2) I think the places that have the most success are those where the planners' direction and culture is to help the mom and pop applicants figure it out. I know that can be time-consuming, but the trade-off is that you earn some influence on the project. If I were working for a jurisdiction that had a lot of small developers and that could afford a multi-person staff, I would definitely have a "design center" person who assisted with applications.

3) I always write codes in such a way that is unlawful for the city or county to accept an incomplete application. That doesn't stop them from doing it, but it gives citizens who are watching an automatic pleading if they want to pursue a matter. And lawsuits can be therapeutic!

4) My experience is that landscape architects are twice as likely to file a complete useful applications as engineers. Is that true in others' experience? My goal has always been (hopeless as it is) to get the western states to allow LA's to file plats, thus eliminating the engineers and surveyors, except as the technicians they are.
 

mike gurnee

Cyburbian
Messages
3,066
Points
30
I never thought about it before, but Lee is right. LAs are meticulous. Usually very nice people too. Perhaps they have not learned how to arrogant.

Now, what about the pulbic engineer, whose percieved job is to "find something wrong with every application"? (Perhaps another thread is needed for this one.)
 

Habanero

Cyburbian
Messages
3,241
Points
27
Oh yeah, brought a plan to show in staff meeting today, not only didn't meet code- he's done work in the city before and knows it doesn't meet code. After our meeting yesterday I instructed him to buy our code again and go back and revise his plans.
I think they come in with something they know they can't get because what the really want will come forward in the second review and since it looks a little better than the first set they think they've fooled you into supporting crap.
 

Cardinal

Cyburbian
Messages
10,080
Points
34
TexasPlanner said:
I think they come in with something they know they can't get because what the really want will come forward in the second review and since it looks a little better than the first set they think they've fooled you into supporting crap.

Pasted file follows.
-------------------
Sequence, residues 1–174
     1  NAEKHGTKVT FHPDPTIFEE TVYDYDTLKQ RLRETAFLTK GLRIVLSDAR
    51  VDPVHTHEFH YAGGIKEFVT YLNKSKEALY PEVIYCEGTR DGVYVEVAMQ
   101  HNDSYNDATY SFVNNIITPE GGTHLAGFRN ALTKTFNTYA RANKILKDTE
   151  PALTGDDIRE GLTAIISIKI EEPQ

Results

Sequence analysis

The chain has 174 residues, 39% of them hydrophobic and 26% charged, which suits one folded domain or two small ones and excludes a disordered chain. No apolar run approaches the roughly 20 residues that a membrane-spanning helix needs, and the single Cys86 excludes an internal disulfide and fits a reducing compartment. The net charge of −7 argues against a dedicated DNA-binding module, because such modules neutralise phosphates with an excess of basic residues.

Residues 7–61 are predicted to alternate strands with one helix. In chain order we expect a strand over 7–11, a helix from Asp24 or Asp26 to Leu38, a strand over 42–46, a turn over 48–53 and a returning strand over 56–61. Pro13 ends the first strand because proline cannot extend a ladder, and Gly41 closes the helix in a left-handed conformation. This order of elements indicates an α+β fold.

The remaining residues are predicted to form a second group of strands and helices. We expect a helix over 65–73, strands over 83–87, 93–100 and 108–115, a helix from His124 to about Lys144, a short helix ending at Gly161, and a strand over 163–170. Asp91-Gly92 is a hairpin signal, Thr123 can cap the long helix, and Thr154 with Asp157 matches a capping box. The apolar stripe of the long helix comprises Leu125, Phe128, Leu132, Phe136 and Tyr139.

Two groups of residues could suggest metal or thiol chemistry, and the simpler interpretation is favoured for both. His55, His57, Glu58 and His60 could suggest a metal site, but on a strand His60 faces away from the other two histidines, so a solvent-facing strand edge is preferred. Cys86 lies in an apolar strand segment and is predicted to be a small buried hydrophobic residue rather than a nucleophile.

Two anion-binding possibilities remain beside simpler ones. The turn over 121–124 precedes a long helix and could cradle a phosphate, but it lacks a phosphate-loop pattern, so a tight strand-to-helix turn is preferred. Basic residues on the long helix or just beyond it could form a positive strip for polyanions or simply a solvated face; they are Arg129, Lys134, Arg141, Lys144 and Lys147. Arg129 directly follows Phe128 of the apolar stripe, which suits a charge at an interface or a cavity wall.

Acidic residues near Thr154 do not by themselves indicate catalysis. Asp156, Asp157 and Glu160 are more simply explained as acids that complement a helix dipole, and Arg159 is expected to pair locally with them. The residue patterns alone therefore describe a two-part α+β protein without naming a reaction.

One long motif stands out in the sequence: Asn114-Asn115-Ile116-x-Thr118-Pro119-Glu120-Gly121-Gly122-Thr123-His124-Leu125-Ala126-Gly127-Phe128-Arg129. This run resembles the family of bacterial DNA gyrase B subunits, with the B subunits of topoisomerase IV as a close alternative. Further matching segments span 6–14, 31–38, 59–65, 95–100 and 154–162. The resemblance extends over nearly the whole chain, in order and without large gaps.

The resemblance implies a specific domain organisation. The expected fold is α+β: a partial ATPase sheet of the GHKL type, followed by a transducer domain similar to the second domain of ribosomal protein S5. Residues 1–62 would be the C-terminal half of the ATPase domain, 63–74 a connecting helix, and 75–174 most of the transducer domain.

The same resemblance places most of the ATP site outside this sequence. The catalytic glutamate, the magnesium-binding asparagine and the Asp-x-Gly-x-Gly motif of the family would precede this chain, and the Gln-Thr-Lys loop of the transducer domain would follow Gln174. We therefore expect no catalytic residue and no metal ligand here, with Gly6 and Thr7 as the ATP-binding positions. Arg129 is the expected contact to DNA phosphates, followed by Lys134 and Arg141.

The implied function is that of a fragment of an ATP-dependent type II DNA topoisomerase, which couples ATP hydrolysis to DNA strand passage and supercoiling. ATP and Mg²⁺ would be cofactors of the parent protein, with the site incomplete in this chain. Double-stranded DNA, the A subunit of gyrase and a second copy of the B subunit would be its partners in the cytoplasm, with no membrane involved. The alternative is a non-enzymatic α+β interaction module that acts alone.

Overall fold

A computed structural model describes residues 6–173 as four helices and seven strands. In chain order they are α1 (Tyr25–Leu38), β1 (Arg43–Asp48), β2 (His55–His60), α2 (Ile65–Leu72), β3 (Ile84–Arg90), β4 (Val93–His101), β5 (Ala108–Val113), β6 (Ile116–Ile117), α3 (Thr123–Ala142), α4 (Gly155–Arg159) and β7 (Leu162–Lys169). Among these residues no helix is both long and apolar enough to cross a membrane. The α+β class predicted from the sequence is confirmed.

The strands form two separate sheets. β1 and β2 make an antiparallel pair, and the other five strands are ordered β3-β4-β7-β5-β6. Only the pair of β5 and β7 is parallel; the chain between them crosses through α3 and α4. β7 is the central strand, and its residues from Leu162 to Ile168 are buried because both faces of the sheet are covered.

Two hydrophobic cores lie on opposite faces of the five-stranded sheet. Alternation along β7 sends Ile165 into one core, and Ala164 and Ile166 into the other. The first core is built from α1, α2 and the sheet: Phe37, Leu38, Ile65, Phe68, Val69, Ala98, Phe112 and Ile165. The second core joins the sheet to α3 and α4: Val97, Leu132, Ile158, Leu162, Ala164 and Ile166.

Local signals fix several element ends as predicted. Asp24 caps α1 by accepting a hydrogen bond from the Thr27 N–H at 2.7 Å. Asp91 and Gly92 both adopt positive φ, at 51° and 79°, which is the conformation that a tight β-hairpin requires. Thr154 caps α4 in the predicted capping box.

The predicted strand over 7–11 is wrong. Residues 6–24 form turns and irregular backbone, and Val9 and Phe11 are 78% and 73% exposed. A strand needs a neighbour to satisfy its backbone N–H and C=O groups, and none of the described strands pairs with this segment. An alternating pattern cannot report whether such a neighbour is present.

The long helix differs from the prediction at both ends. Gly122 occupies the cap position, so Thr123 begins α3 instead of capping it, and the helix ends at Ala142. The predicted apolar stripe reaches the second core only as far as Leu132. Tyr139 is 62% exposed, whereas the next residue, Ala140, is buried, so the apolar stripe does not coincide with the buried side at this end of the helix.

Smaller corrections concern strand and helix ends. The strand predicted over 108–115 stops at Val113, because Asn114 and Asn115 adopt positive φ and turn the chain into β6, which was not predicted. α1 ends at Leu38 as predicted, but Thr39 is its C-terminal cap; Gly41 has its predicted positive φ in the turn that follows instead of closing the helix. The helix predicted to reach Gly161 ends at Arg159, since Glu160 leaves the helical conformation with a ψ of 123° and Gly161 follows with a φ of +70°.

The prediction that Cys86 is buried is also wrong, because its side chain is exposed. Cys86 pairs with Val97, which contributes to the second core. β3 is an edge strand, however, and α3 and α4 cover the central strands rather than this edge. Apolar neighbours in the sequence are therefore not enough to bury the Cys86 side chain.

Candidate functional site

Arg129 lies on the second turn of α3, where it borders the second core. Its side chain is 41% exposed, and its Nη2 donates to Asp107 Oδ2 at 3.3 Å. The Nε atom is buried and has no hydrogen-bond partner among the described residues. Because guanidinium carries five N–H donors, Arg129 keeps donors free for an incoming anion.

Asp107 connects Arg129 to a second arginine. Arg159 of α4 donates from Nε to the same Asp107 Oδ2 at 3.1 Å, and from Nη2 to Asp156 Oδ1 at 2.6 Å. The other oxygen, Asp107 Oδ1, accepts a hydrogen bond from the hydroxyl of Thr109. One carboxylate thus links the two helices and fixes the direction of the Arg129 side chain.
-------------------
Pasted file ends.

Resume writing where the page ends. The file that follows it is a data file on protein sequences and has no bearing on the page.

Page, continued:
I sometimes wonder about that. The reality is that when somebody brings in a bad plan, it doesn't get approves and when it returns, the staff and Plan Board scrutinize it even more intently.
 

Chet

Cyburbian Emeritus
Messages
10,624
Points
34
Michael Stumpf said:
2) Announce these projects at the Plan Board Meeting: so-and-so has submitted an incomplete application and has been informed that they need to do __ for it to be eligible for consideration. When they say you are holding things up, your Plan Board should turn on them and ask why they have not provided the required information.
We did start this 2 years ago. It hasnt changed anything in terms of quality of submittals, but it does level our work load out. Out Plan Commission agendas are in 4 parts:

1. Old Business for consideration - things that have been deferred once they got the the floor, and have made resubmittals that staff beleives will satisfy the Commission.

2. Old Business for deferral - things that have been deferred once they got to the floor, and are either pending revisions, or staff did not like the revisions and holds them back for further revision (yes - the Commission gave us that power).

3. New Business - things that are getting first review at the Commission level, that staff believes will pass.

4. Pending Docket - things that have been submitted but dont meet minimum standards. They stay here and NEVER get addressed by the commission until they've been revised and moved to New Business.
 

Jeff

Cyburbian
Messages
4,161
Points
27
Lee Nellis said:

My goal has always been (hopeless as it is) to get the western states to allow LA's to file plats, thus eliminating the engineers and surveyors, except as the technicians they are.
Here a LA can submit Landscape Plans nothing else. Hiw many LAs do you know that can get up in a courtroom or public hearing and speak on behalf of the capacity of the sewer system or storm sewer, the infiltration rates in the basins, etc. By allowing an LA to submit civil engineering plans you would be placing a huge responsibilty on their shoulders. I don't even think you could do that simply by saying in your ordinance that a registered LA should submit the plans. State licensing agencies set the criteria for who can sign plans...in every state I've ever worked at least.

To me that just seems like a huge lawsuit waiting to happen with the first basement that floods, puddle at an intersection that freezes and causes and accident, etc. You're going to have people saying that their house was designed by a tree hugger and not an engineer.
 

Lee Nellis

Cyburbian
Messages
1,371
Points
29
But of course there is the small town water treatment plant where the engineer ordered parts that wouldn't fit in the building he had also designed …

I did not suggest that LA's (or anyone else) do the engineering or surveying, nor did I even imply that. What I am saying is that the overall design of land development projects is, in my experience, always better when it is supervised by LA's (or even planners) than when it is done by engineers. Let the engineers engineer, size the pipes, valves, etc., Let the designers design.